Wozniacki not at Clijsters’ level yet
Maybe in three months, if she faces Kim Clijsters in the Australian Open final, Caroline Wozniacki will find the will and the skill to be able to put down a superior elite player in a defining match.
But on Sunday at the season-ending WTA Championships in Doha, Qatar, it was clear the ambitious yet still developing Dane is not up to the task yet, as three-time U.S. Open champion Clijsters showed the feisty 20-year-old that a substantial amount of variety and a willingness to be offensive matter a great deal when she pulled off a 6-3, 5-7, 6-3 victory in two hours.
Wozniacki has absolutely nothing to embarrassed about, as she battled hard and gave it her all during a week when her new No. 1 ranking was in question. But while it’s obvious she’s attempting to be a more forceful player, she still isn’t secure charging the net or ripping a forehand, and she isn’t strong enough yet to be able to power big serves on demand.
Clijsters is and is also much more capable of quickly ending points when she gets ball into her wheelhouse. While Wozniacki can do that off her backhand side, especially crosscourt, she rarely steps into her forehand and is just one of a number of younger women who have been taught to hit most forehands with an open stance, an absolute mistake unless you have tremendous upper-body strength.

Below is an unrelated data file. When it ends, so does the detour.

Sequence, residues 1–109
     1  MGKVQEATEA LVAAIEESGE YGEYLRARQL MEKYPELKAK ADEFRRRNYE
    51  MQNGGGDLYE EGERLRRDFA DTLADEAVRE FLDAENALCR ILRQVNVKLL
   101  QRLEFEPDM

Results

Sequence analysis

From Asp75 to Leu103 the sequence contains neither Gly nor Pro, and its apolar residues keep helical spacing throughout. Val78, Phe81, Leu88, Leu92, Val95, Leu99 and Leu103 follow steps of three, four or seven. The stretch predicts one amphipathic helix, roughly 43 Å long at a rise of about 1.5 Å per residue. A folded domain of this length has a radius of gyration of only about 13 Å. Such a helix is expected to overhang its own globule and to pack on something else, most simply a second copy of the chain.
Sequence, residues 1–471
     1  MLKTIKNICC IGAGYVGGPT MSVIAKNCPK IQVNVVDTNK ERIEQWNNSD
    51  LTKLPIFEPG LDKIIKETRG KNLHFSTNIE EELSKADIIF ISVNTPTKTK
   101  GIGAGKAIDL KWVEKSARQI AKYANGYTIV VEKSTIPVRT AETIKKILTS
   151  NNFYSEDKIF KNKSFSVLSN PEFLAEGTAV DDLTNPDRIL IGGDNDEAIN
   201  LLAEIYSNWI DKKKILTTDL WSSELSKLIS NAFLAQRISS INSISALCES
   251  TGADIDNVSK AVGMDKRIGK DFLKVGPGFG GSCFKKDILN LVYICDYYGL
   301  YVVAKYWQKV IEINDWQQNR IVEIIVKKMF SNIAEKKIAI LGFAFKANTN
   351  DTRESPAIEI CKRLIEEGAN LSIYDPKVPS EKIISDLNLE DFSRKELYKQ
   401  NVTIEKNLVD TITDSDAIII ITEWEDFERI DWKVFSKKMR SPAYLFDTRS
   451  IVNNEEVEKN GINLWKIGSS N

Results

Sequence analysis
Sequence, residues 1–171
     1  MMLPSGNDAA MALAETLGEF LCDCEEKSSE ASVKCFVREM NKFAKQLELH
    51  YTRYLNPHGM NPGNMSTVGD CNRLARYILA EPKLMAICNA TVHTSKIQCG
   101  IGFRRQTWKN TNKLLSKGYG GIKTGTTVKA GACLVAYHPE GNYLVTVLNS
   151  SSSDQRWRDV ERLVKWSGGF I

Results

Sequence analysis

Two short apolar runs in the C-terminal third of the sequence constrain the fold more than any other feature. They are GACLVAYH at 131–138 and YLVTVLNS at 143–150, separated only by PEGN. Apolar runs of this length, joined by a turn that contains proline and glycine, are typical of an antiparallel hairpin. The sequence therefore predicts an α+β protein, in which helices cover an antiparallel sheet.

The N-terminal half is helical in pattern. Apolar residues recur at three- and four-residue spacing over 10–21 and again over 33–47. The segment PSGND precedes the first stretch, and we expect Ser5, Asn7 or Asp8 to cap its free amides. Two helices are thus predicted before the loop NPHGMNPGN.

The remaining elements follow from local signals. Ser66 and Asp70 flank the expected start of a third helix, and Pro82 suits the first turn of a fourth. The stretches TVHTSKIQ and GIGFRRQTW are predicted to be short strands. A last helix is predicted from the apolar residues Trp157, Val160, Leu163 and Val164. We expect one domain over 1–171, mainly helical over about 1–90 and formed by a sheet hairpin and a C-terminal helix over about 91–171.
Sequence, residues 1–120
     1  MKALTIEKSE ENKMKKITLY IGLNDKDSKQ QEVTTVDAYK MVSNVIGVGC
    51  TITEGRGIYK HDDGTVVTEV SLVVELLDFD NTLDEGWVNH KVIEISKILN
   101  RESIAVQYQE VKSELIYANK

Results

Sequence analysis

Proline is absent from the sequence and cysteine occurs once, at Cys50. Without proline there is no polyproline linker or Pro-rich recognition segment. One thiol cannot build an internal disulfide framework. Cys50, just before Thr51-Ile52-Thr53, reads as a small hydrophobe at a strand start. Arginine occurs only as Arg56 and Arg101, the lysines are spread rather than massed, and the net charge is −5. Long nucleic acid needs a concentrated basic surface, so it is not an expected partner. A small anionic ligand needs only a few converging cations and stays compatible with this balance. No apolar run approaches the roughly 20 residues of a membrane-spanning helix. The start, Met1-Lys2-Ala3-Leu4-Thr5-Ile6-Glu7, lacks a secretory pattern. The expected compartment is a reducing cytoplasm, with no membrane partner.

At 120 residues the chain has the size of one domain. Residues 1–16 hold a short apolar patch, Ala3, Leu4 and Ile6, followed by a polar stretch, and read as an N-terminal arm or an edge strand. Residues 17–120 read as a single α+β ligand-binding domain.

What’s truly remarkable about this trend is that if you look at most of the great champions of the past decade with the most lethal forehands — Steffi Graf, Monica Seles, Serena Williams, Lindsay Davenport, Justine Henin and Kim Clijsters — they all were willing to hit with a closed stance and step into the ball, which gave them more use of their lower body strength.
Wozniacki has plenty of that, and if she doesn’t want to end up like Martina Hingis when the Swiss began to go into her decline — consistently having to counterpunch off her forehand side and unable to generate much of her own pace off that wing — she’s going to have to get more comfortable with a closed stance.
However, what’s interesting about the Clijsters-Wozniacki matchup is the Dane plays a lot like Clijsters did at the same age, using her soccer player’s daughter’s muscular legs to go end to end, retrieve hundreds of balls and force her foes into errors. On Sunday, she actually did try to be offensive coming into net way more than she usually does, but her transition game is suspect, she’s not sure what a proper approach shot is yet and doesn’t volley that well.
But Wozniacki does fight well, and while, like Clijsters, she’s seen as not having a mean bone in her body, she has a tremendous amount of inner fire and cannot stand to be embarrassed. If not for that inner street fighter lurking in her heart, there was no way she would have come back from 1-4 in the second set, running off six of seven games. Clearly, Clijsters went on a mental walkabout, but Wozniacki did tighten the screws in her own game and you could see she believed there was a way to win the match.
But when Clijsters began to play well again in the third set, there really was no way for Wozniacki to punch through, because Clijsters in a better all-around player, matching the Dane’s strength and having few of her weaknesses.